Ultimately, I might think the practitioner—and probably the modality, too—is offering a panacea at best; at worst, I might associate it with some kind of fakery, because it seems unreasonable to me that anybody could be an expert in so many areas.
Knowing virtually nothing about your or your modality, if I talk about it at all, I am likely to say something less-than-desirable (from your standpoint). It’s unlikely I would refer anyone to you because neither you nor your modality seem credible to me.
There are still 5 flyers from the same people, but this time, each practitioner is talking about a one way of focusing their work:
- One might talk about helping horse lovers feel more comfortable in the saddle.
- Another could focus on helping people with brain injuries.
- Perhaps one addresses challenges older people face in trying to maintain their independence.
- Maybe the fourth is aimed at athletes and performing artists, and
- The last speaks to the issues people have to deal with when they are recovering from surgery.
What you may believe
If you feel resistance to this idea, it will probably be easy to come with a variety of reasons you think it won’t work… for example:
- You will most likely think that you are diminishing your chances of getting clients and that people will not understand how great your modality is.
- Quite possibly, you think that you are going to lose referrals because you don’t say you help all the friends of all the people who see your flyer.
- You could quite possibly feel like you’re in a very competitive situation because you know you could work with everyone those 5 practitioners talked about, but they’re not going to call you.
- If you love variety, you imagine you are going to be extremely bored working with “one group” of people.
- You may believe that this approach is antithetical to your principles, it will never work and/or it’s a waste of time and money to print the flyer.
What you might be missing
Again as a casual observer—when I see a flyer that addresses an issue I have, I am more likely to read it completely because it hits home as soon as I see it.
Because it speaks to me in language I understand, and shows that you fully comprehend the problem I have, I am more likely to believe that you have the level of expertise I imagine you will need in order to help me.
When I see several flyers that address different areas of expertise using the same modality, I am likely to believe that your modality has a wide range of applicability, and am less likely to question that it could be effective in helping such a big variety of people. That’s already a familiar concept to me from other areas: every doctor practices medicine, whether they specialize in dermatology or gynecology or anything else; attorneys may practice civil or criminal law, or may use their training in many other ways, but all have a similar foundation in their study of the law. I can believe that your modality can help lots of different kinds of people.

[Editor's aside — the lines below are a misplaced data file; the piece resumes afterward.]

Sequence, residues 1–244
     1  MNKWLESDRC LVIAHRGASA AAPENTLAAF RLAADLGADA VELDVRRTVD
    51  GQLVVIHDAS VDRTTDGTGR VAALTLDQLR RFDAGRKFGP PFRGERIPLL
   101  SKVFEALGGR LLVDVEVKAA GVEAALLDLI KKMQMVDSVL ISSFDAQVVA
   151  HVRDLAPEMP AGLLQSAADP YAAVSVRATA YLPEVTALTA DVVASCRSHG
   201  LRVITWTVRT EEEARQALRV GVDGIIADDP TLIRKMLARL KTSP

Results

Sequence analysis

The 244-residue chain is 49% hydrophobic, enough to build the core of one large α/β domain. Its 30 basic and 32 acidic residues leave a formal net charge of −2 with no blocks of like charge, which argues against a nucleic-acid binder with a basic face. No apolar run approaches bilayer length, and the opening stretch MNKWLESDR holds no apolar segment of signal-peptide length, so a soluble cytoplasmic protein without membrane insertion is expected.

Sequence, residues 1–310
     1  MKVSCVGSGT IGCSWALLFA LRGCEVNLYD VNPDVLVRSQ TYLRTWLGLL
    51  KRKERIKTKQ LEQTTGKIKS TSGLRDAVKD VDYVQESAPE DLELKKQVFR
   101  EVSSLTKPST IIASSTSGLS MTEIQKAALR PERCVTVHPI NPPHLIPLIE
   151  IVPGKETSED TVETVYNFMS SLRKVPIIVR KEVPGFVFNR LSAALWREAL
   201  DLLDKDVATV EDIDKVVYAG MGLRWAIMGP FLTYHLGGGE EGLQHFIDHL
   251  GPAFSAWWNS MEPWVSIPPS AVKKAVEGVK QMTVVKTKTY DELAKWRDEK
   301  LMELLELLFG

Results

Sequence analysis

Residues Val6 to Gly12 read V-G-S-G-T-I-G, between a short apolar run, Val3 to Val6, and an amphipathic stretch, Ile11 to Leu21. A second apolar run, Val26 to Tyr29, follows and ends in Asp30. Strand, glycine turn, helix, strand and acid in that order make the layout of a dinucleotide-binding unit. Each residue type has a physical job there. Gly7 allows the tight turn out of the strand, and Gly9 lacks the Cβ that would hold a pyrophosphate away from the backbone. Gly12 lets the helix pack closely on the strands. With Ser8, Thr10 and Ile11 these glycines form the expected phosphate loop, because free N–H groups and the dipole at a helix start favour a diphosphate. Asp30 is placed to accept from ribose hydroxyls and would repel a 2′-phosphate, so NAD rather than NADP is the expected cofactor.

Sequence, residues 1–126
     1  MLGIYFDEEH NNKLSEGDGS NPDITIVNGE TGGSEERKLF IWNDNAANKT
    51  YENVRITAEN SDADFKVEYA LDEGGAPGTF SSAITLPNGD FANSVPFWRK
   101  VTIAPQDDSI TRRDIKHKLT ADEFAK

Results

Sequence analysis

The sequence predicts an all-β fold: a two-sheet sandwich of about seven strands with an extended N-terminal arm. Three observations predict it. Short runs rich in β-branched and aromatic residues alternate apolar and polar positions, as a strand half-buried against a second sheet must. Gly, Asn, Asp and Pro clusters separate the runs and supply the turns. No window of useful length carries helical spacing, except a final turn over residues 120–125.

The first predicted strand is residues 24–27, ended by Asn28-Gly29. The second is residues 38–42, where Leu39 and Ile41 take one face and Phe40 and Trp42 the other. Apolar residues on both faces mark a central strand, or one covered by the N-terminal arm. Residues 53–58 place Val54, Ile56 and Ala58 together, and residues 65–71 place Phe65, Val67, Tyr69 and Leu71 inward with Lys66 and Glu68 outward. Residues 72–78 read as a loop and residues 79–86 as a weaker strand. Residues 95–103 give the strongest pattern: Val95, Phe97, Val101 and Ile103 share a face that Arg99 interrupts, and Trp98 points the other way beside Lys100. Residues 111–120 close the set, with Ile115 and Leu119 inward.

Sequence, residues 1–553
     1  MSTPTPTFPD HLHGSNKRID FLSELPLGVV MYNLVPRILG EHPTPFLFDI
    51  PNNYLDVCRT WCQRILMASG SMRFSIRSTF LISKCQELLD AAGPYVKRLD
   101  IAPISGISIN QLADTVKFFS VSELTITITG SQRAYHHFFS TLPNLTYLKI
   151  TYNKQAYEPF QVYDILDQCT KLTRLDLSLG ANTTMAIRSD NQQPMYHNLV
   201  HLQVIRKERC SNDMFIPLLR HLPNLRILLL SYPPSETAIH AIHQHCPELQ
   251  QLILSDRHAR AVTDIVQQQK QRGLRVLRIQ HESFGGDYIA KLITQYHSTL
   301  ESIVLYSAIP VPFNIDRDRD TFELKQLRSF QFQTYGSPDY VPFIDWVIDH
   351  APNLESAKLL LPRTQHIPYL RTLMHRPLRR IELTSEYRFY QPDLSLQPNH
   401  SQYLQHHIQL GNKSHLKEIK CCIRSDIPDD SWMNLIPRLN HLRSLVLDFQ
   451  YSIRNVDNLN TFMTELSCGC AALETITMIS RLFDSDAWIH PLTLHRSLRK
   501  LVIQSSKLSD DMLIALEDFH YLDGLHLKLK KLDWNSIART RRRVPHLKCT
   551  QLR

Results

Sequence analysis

You get more referrals, not fewer… and not all of them will be for the “specialty” you are advertising. Here’s why:
Imagine that I come to you as a horse rider. I ‘m hurting myself when I ride my beloved animal and don’t want to give it up. I experience your skill and learn more about what you do and the philosophy behind it. I know you, I like you, I trust you. You have helped me more than I can say.
Then I think about my mother—who has arthritis and finds it more and more difficult to garden; joy is missing from her life. I want t help her.
It won’t be long before I have a talk with you and say “You know, I’ve been thinking about my mom. She has pretty severe arthritis—do you think you can help her even if she doesn’t want to ride a horse?”
At that point, you can decide about working with my mother… because the concept of narrowing who you advertise to doesn’t rule out taking any client you want, who finds you in whatever way they come.
Or… maybe my mother doesn’t live locally, and I want to know if your modality can help her, and whether you can make a referral to someone in her area.
The person standing next to me in front of the food co-op is reading a different flyer. Different problem, different practitioner, different way of presenting the issue. The chemistry that comes through in your flyer is different from what comes through in others.
Five practitioners know different people in the community. When they’re not competing, it’s easier to increase awareness of their modality and far more people will get to know about it.
The more exclusive you are, the more people you’ll find who want your help.
That’s the bottom line, counter-intuitive as it may seem at first blush.
I couldn’t believe it myself at first, and resisted the idea like crazy. Then one day, I asked myself —
How bad could it possibly be to have more clients, even if they all had something in common—a problem I knew inside and out?
What bubbled up were thoughts about how it would be awesome to have more clients. It would be so good to have a full schedule. It would be incredible to help more people.
When I finally decided to try it and got the help I needed to make it work, I was astonished to realize that more than 90% of new people committed to having at least 10 sessions with me!
So… what do YOU think? How bad could it be to have more clients?
I blog so that you don’t have to spend the rest of your life trying to figure out how to build your hands-on practice! If you find it helpful, subscribe to make sure you get all my posts and tips, plus occasional information on opportunities to grow your practice and your self.